Susan B. Anthony was an American social reformer and women 's rights activist, and in 1872 was arrested because she tried to vote and express her opinion in the presidential election. However, her decision was reasonable and she should not
They were going to fight for what they wanted. Susan B. Anthony was inspired to start helping women earn this right through many things. She first got the idea to help the women when she was campaigning to ban alcohol. Because she was a woman, no one from the conferences would let her speak, as women were not allowed to speak at the conferences. Susan B. Anthony realized that women would not be taken seriously in politics unless they had what the men had, which was the right to vote (“Susan”).
Susan B. Anthony (Susan Brownell Anthony) Susan B. Anthony was a prominent feminist author who started the movement of women’s suffrage and she was also the president of the National American Women Suffrage Association. Anthony was in favor of abolitionism as she was a fierce activist in the anti-slavery movement before the civil war. Susan Anthony was born on February 15, 1820, in Adams, Massachusetts, and before becoming a famous feminist figure, she worked as a teacher. Anthony grew up in a Quaker family that made her spend her time working on social causes. And her father was an owner of a local cotton mill.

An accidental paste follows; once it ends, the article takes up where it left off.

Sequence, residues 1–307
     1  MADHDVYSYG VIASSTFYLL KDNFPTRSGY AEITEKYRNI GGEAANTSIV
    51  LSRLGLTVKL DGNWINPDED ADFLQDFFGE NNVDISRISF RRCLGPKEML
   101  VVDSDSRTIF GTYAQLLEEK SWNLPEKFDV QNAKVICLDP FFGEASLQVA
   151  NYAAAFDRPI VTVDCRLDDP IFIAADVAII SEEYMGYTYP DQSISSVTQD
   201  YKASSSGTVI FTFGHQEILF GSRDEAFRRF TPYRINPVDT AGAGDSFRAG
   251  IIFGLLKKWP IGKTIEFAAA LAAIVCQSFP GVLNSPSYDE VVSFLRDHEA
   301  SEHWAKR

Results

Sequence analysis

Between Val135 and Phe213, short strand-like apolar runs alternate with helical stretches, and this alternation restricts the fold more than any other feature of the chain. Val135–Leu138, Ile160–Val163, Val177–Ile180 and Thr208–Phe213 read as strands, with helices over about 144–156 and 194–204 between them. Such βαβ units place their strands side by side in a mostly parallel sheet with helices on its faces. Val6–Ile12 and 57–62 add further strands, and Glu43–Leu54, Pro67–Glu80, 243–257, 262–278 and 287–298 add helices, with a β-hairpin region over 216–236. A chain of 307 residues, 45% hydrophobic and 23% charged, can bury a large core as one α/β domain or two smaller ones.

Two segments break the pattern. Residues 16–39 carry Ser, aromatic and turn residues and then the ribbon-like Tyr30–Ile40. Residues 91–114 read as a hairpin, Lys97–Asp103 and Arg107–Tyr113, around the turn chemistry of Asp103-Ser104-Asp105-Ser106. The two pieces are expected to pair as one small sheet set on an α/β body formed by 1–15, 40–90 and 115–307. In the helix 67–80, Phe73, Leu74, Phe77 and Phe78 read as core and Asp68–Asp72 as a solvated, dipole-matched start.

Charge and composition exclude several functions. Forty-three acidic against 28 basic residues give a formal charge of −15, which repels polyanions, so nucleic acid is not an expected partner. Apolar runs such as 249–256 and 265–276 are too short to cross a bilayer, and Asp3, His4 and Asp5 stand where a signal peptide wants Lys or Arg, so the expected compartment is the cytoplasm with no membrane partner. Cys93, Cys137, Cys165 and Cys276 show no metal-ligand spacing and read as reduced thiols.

Anthony was a pioneer reformer for the woman suffrage movement in the United States, whose efforts paved the way for the Nineteenth Amendment to the Constitution, endowing women the right to vote. As an advocate of African American rights, temperance, the rights of labor, Susan devoted her life to leading the women suffrage movement. The enormous contrast between the status of women in the beginning of her efforts and their status when she died is the symbol of her successful achievements as a pioneer woman. Few men can devote his or her life in focusing on one career as much as Susan did. The fifty-year to pursue the course of women enabled her portrait to be printed on the one dollar coins, making her to be the first women who gained such honor.